With the resources that JNJ has, it can sponsor more innovative uses of YouTube that encourage ordinary people with iMovie to submit videos about subjects of interest to JNJ. As an example, look at Novartis' FluFlix Video Contest -- see http://pharmamkting.blogspot.com/2007/09/novartis-attempts-perfect-execution-of.html

    The best thing about the videos on Obesity and Gastric Bypass surgery -- which JNJ has some kind of financial interest in -- are the stories of the people (especially teenagers) themselves and their comments. The JNJ videos are more promotional in that they promote gastric bypass as an option from a company that has a financial interest in that option, which limits the credibility. Maybe it would have been more credible to solicit unscripted videos from people themselves.

    Basically, I am trying to suggest how pharmaceutical/healthcare company Web 2.0 ventures can be more credible and more engaging. BTW, I do this by citing real examples from other companies -- I'm not pulling these ideas out of thin air!

    ReplyDelete
  3. I appreciate the feedback. Actually, the idea of a contest is something we have considered, but given we've only been live for 2 months, we're not quite ready to jump in. But it's a great idea. Of course, we'll have to pre-screen the videos to make sure they depict only the correct and approved usage and/or dosing of products.

    Obviously, Ethicon Endo-Surgery has a financial stake in Gastric Bypass, the interviews with the teenagers and doctor were unscripted. And we intentionally kept any mention of the company out of the video and description. I'm not sure about the distinction you're making with "JNJ videos." All the Teenage Obesity content was produced by Nancy's team.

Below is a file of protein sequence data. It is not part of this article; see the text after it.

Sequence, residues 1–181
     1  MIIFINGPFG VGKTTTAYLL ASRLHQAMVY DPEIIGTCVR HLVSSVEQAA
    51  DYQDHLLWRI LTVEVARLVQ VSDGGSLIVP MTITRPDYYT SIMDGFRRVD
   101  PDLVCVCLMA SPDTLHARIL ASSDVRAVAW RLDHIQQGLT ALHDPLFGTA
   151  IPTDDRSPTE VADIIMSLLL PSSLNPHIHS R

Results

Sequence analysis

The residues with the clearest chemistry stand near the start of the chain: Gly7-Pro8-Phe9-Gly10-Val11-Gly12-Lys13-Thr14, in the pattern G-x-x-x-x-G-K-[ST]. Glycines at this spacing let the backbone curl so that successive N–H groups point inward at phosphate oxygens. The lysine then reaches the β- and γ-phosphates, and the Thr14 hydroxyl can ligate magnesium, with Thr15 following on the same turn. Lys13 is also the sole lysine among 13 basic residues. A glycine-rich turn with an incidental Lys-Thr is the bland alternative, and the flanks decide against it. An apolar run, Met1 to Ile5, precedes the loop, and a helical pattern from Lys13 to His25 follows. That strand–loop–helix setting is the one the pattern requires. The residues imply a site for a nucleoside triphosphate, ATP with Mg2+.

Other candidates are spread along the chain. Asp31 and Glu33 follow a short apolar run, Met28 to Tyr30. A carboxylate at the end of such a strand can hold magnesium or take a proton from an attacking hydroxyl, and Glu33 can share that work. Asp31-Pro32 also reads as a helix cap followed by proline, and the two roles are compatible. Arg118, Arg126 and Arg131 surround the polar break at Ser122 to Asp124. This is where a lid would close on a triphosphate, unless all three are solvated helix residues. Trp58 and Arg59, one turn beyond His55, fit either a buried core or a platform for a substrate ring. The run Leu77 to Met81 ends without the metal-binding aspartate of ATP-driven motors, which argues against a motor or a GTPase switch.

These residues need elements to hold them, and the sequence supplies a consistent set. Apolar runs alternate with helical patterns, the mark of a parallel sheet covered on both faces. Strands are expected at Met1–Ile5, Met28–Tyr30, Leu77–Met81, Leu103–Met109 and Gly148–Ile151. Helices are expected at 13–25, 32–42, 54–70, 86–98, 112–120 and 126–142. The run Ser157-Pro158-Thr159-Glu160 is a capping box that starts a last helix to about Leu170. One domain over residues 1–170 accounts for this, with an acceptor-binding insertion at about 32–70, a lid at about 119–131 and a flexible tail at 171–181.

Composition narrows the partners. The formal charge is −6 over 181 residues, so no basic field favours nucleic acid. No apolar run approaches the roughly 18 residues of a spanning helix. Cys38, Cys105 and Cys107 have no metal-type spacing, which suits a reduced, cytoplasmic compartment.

I think your suggestions are thoughtful and worthy ones, and we'll try to live up to them going forward. I'm sorry I'm going to miss you the 19th, but I'll download your presentation. I'll be out at BlogWorld in Las Vegas. More on that, later.

    Rob

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  4. What about the 19th? Have I go something scheduled I completely forgot about? If so, please remind me!

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  5. Anonymous6:47 PM

    RE: the Novartis Flu Flix contest - please take note that this effort was executed prior to YouTube rolling out it's "contest" offering - which has a starting price of $1M (including media). While there is no question that J&J could afford this - it is certianly a high investment for the potential return of a few dozen videos by users.

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  6. Wow! Good point! I was thinking that there was a cost involved, but that's way out of line! The thing is that viewers could submit videos via the "video responses" option, and that wouldn't cost anything.

    Rob
    for jnjhealth

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  7. I think you have to separate creating the contest from YouTube programs that promote the contest within the YouTube "community."

    I don't think there is a fee for creating and running a contest on YouTube, but there is a minimum commitment of $500K for promoting the contest and integrating it into the "community" -- ie, you pay YouTube like an ad agency.

    I could be wrong. It's not easy getting this kind of information without calling a live person at YouTube!

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  8. I don't think there ARE any live persons at you tube!